How helpful was your school in helping your reading habit/fueling your book addiction? – The one important thing that sparked my reading was our high school book report in sophomore year. I picked To Kill a Mockingbird by Harper Lee, just because the most popular student of our school that year also picked that one when he was a sophomore. But I enjoyed the novel. In fact, I want to reread because I have mostly forgotten the details.

What does all of these say? I think reading is an acquired habit. No outside force could sway one to the reader’s path unless there’s a reader within the person in the first place. True, the media may from time to time inspire someone to read a bit of say, Twilight or Fifty Shades of Gray. But after that, what?

I don’t want to sound like a cynic, but there are a lot of people whose set of read books include only those promoted heavily by the media. To illustrate, I have a cousin who has a big crush on Robert Pattinson (okay, I also like the guy, but I like him better in the adaptation of Cosmopolis). So this cousin bought all the Twilight books, and they’re the only books that she ever read. I even think that she was only able to finish the first book (my sister tells me so).

The real reader will get out of his way to find the books that he really wants to read. Of course, there’s some help from the media (it’s a huge help, really), but the real readers choose not to be spoon-fed and aren’t spurred by sheer crush or overhype.

The 2nd Filipino ReaderCon 2012
The 2nd Filipino ReaderCon 2012
First set of books for July

After the Bad Weather

I resolved not to buy any books until I move out, but I just can’t help dropping by book stores for two weeks. It’s like having withdrawal symptoms from methamphetamines or going cold turkey, and it’s not like I am hoarding. Actually, it’s hard to hoard now because my books-to-hunt list is narrowing month after month.

Amidst the bad weather and uncontrollable flood, here are what I got for the past two weeks.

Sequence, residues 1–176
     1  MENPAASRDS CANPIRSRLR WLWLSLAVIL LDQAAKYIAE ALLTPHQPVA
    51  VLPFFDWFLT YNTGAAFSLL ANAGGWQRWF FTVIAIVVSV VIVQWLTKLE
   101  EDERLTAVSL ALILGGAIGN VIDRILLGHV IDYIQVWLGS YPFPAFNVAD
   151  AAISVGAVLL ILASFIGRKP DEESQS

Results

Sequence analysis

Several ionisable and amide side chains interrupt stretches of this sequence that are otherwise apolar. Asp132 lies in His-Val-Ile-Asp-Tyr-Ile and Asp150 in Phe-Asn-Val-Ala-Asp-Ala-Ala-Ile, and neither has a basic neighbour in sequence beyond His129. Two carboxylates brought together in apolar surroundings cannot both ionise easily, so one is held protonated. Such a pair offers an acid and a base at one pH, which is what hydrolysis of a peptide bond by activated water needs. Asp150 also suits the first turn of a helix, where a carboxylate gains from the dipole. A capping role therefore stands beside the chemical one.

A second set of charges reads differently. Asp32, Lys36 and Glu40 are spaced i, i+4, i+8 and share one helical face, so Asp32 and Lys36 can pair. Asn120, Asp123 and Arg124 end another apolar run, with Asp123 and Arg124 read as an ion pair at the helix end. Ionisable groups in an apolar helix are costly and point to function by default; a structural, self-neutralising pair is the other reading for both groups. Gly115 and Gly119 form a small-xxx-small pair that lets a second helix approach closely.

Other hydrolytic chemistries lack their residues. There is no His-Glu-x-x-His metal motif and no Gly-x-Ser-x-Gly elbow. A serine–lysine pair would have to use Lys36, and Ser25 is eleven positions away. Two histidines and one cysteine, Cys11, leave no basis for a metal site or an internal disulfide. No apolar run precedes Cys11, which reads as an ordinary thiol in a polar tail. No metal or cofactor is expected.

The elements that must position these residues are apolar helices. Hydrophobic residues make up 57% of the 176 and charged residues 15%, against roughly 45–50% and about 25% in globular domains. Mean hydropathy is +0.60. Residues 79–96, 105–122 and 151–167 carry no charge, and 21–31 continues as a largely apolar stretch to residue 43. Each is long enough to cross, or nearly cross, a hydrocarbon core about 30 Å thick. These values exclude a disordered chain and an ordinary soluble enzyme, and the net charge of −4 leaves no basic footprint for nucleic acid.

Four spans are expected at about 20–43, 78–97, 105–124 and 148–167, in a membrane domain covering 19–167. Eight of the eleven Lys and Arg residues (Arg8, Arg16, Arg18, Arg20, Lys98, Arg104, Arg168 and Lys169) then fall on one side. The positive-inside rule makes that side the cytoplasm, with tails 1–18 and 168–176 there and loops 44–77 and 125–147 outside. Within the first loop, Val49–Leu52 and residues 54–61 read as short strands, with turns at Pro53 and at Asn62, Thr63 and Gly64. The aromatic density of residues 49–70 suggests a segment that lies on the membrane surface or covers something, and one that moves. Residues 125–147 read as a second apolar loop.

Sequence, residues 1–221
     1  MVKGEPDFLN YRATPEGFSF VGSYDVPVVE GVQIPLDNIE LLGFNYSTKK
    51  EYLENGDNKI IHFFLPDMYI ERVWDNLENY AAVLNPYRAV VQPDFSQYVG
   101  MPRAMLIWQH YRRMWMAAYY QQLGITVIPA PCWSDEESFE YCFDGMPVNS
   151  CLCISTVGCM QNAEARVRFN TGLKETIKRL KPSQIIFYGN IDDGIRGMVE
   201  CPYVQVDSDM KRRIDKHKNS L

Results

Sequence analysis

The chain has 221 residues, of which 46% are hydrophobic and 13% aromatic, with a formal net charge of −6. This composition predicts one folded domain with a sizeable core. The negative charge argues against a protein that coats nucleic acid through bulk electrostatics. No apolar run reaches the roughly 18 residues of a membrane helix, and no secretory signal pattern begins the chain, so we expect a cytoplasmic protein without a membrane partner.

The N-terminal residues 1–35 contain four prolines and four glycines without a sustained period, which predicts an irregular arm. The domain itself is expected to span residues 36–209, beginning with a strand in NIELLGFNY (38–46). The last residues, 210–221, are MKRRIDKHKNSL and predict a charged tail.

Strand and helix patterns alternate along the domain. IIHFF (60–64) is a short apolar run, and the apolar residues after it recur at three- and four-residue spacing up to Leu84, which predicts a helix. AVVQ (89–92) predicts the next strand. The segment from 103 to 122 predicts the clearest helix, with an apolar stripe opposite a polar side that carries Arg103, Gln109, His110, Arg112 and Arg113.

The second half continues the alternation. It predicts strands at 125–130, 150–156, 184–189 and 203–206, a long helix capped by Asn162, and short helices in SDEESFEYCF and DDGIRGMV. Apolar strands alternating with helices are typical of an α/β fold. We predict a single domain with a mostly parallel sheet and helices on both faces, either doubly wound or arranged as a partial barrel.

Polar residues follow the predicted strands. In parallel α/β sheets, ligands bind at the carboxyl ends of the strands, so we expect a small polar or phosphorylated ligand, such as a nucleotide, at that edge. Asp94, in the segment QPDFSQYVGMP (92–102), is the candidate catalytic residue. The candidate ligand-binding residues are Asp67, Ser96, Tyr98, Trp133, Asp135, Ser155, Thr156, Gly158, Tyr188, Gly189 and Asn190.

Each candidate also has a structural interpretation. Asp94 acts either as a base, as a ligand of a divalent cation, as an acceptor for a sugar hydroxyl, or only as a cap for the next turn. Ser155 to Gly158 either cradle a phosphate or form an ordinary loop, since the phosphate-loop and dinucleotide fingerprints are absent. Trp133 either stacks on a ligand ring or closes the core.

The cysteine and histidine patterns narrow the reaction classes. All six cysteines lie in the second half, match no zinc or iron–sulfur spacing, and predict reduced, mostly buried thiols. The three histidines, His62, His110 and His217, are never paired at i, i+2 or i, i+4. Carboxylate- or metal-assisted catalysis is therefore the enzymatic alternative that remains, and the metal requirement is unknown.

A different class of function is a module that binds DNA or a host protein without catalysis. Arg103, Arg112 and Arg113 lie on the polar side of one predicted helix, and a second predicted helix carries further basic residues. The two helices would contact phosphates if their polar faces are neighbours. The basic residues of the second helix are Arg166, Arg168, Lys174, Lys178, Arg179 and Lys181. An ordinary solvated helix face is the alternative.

Steps by Jerzy Kosinsky (July 14, 2012, Book Sale – Robinson’s Midtown, Php 115.00)

I am curious about Kosinsky. Something’s telling me that I will like his works. I have always been rescheduling The Painted Bird in my reading plan, and whenever I do that, it’s always with regret. So yes, while waiting for my bookish friends, I looked around and found his National Book Award winner. I didn’t have second thoughts, just because of that gut feeling I have for him.

Where Angels Fear to Tread by E. M. Forster (July 21, 2012, Book Sale – Farmer’s Plaza, Php 50.00)

My first Forster experience was so bad that my reading buddy judged it with a one-star. I didn’t enjoy A Passage to India as well, but I was more forgiving with two-stars. And why did I buy this? I was enchanted by the cover. Okay, I know, we shouldn’t judge books by their covers, but in a literal sense, it’s sometimes hard not to. Besides, it’s not too expensive for a book on sale, so

The Birthday Party by Harold Pinter (July 23, 2012, Book Sale – Edsa Central, Php 10.00)

I am hunting for The Homecoming, his arbitrary masterpiece, but I didn’t pass on this early play of his. It’s only freaking Php 10.00! That’s roughly two dimes. Besides, it might take me a while to find The Homecoming. The Birthday Party is welcome to my Nobel quest. And just in case my bookish friends are wondering, I didn’t base After the Birthday Party from Pinter’s play. (wink, wink)

The Folding Star by Alan Hollinghurst (July 23, 2012, Book Sale – Edsa Central, Php 115.00)

I first found a copy of this during our book club’s Christmas party and immediately gave it to our generous senior moderator, but not without second thoughts. He told me that he’ll give it to me once he’s done with it, but I don’t think he has to give it back because I have a better edition. True, the cover looks bleak, but flipping the first two pages reveals that I found a signed copy! Are you not convinced? Here:

 

That looks authentic, doesn't it?
That looks authentic, doesn’t it?

Now tell me that isn’t Hollinghurst’s signature.

After the Birthday Party: Tales of Love, Loss, Hope, and Regret

Beautiful, Beautiful Memories – After the Birthday Party

This is a surprise. I didn’t consider adding our little book of memories here at Goodreads. Yes, I said “our” because this is not my work. I may be attributed as the Author, which I changed to Editor, but it really is the collective effort of my beloved friends at our book club, The Filipino Group.